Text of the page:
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Let $X,Y$ be schemes, not necessary separated. Let $f:X\to Y$ be a morphism of schemes and $f(x)=y~,x\in X,~y\in Y$. Then we have the scheme theoretic fiber over $y$, i.e. $f^{-1}(y)=X\times_{Y} \text{Spec } \mathbb k(y)$ where $\mathbb k(y)$ is the residue field at $y$. I was told that $\mathcal O_{x,f^{-1}(y)}=\mathcal O_{x,X}\otimes_{\mathcal O_{y,Y}}\mathbb k(y)$. I can show this fact by writing down the rings involved explicitly and the proof only works for this special fiber product. I am now asking if there is a generalization, as follows.

Let $X,Y,Z$ be schemes, $f:X\to Z,~g:Y\to Z$ be morphisms of schemes, suppose that $w\in W=X\times_Z Y$ such that $w$ is sent to $x$, $y$ and $z$ in $X$, $Y$ and $Z$ respetively. Are $\mathcal O_{x,X}\otimes_{\mathcal O_{z,Z}} \mathcal O_{y,Y}$ and $\mathcal O_{w,W}$ naturally isomorphic? Note that there might be more than one $w$ over the pair of points $(x,y)$, they much have the same local rings if my guess is true.

I tried to prove this via commutative algebra. The question is local. Let $X,Y,Z$ be $\text{Spec } A,\text{Spec } B,\text{Spec } C$, respectively. Let $x,y,z,w$ correspond to prime ideals $P_1,P_2,Q,I$, respectively. Then I have to prove that $(A\otimes_C B)_I=A_{P_1}\otimes _{C_Q} B_{P_2}$. I want to check the universal property of tensor products. Given $\alpha:A_{P_1}\to E,\beta:B_{P_2}\to E$ such than they coincide when restricted to $C_{Q}$, we have a unique homomorphism $\gamma: A\otimes_C B\to E$. The only thing remaining to be checked is that $\gamma$ maps the complement of $I$ to units. And I am stuck here.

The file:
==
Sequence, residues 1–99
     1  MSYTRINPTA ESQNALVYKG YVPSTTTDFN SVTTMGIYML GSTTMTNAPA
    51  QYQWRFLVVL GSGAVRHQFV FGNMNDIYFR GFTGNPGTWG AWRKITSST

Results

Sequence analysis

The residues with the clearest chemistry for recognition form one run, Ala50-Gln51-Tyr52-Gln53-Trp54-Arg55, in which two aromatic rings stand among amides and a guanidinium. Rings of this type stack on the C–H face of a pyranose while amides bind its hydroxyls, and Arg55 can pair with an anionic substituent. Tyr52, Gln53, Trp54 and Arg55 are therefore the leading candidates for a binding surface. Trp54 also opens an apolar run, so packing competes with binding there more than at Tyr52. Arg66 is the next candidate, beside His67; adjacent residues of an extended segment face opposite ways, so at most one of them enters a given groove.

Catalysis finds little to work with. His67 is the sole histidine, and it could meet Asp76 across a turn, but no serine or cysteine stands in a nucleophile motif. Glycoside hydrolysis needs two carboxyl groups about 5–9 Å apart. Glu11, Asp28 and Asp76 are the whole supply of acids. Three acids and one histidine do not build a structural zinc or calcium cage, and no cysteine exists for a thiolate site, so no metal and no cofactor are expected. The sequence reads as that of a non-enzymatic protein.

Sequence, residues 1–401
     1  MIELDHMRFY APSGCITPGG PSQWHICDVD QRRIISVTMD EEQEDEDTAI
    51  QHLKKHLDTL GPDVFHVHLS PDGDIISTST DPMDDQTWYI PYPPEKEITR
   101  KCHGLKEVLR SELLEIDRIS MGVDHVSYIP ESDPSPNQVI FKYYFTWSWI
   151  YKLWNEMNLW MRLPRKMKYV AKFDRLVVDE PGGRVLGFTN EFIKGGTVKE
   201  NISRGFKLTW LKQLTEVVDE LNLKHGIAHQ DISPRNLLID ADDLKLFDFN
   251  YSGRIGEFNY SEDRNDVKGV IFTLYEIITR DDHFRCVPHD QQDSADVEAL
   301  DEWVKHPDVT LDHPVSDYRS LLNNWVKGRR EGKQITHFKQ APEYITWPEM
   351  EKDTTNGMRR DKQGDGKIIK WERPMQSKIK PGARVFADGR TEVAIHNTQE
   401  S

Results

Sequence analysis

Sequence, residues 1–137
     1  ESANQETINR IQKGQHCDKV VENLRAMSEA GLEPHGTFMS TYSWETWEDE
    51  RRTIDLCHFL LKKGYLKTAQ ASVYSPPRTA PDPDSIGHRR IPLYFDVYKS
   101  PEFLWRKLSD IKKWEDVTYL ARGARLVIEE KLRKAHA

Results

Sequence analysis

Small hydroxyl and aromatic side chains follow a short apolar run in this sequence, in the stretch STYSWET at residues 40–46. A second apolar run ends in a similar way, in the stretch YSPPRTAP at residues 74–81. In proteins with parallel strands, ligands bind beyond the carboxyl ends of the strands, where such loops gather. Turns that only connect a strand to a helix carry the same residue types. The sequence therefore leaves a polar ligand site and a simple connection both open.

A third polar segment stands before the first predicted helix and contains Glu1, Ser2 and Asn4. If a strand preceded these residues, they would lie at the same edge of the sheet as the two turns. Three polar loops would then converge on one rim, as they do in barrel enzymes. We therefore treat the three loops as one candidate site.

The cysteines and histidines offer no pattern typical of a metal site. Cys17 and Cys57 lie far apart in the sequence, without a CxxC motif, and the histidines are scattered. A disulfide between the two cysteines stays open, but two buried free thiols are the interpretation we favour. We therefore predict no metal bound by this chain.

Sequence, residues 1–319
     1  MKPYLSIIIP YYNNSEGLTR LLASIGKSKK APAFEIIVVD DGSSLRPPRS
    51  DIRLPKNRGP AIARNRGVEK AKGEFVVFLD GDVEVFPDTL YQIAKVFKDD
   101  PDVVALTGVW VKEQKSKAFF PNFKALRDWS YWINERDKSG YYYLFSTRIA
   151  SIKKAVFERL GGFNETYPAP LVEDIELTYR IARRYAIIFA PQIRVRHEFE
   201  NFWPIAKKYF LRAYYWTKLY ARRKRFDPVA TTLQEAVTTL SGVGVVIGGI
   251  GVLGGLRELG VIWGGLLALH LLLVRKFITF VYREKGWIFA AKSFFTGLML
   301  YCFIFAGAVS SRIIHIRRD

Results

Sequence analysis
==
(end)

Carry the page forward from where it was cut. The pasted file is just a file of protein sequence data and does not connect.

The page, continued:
If my guess is true, would you help me finish my proof? Of course I will appreciate more if you give a better proof. If my guess is false, then what is the right conditions making it ture?

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3 Answers

up vote 3 down vote accepted

No, it is not true that $\mathcal O_{x,X}\otimes_{\mathcal O_{z,Z}} \mathcal O_{y,Y}$ and $\mathcal O_{w,W}$ are isomorphic.
Take for example $X=Y=Spec (\mathbb C)$ and $Z=Spec (\mathbb R)$, with the obvious morphisms.
Then $$W=X\times_Z Y=Spec (\mathbb C)\times_{Spec(\mathbb R)}Spec(\mathbb C)=Spec (\mathbb C\otimes_\mathbb R\mathbb C)=Spec(\mathbb C\times \mathbb C)=\lbrace w_1,w_2\rbrace$$
We have $$\mathcal O_{w_1,W}=\mathcal O_{w_2,W}=\mathbb C\neq \mathcal O_{x,X}\otimes_{\mathcal O_{z,Z}} \mathcal O_{y,Y}=\mathbb C\otimes_\mathbb R\mathbb C=\mathbb C\times \mathbb C$$ Notice that the right hand side isn't even a local ring!
I'm happy that your question allows me to somehow illustrate the point I made in the Edit here

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Thanks very much for your crystal clear example. You taught me that I should check the simplest examples before trying to prove something! –  Andrew Dec 21 '12 at 16:04
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The answer of Georges is crystal clear. Let me present another example with $Z=\mathrm{Spec}(k)$ ($k$ is a field), $X=Y=\mathbb A^1_k$ and $x,y$ rational over $k$.

Write $X=\mathrm{Spec}(k[t]), Y=\mathrm{Spec}(k[s])$ and consider $x=0$ and $y=0$. The spectrum of $R:=O_{X,x}\otimes_k O_{Y,y}$ is a nice and surprising object. It is noetherian, integral, regular (even UDF) of dimension $2$, all closed points are of height 1 (and there are infinitely many such points) except the one corresponding to $(0,0)$ which has height 2. In particular the tensor product is not a local ring. Not even semi-local.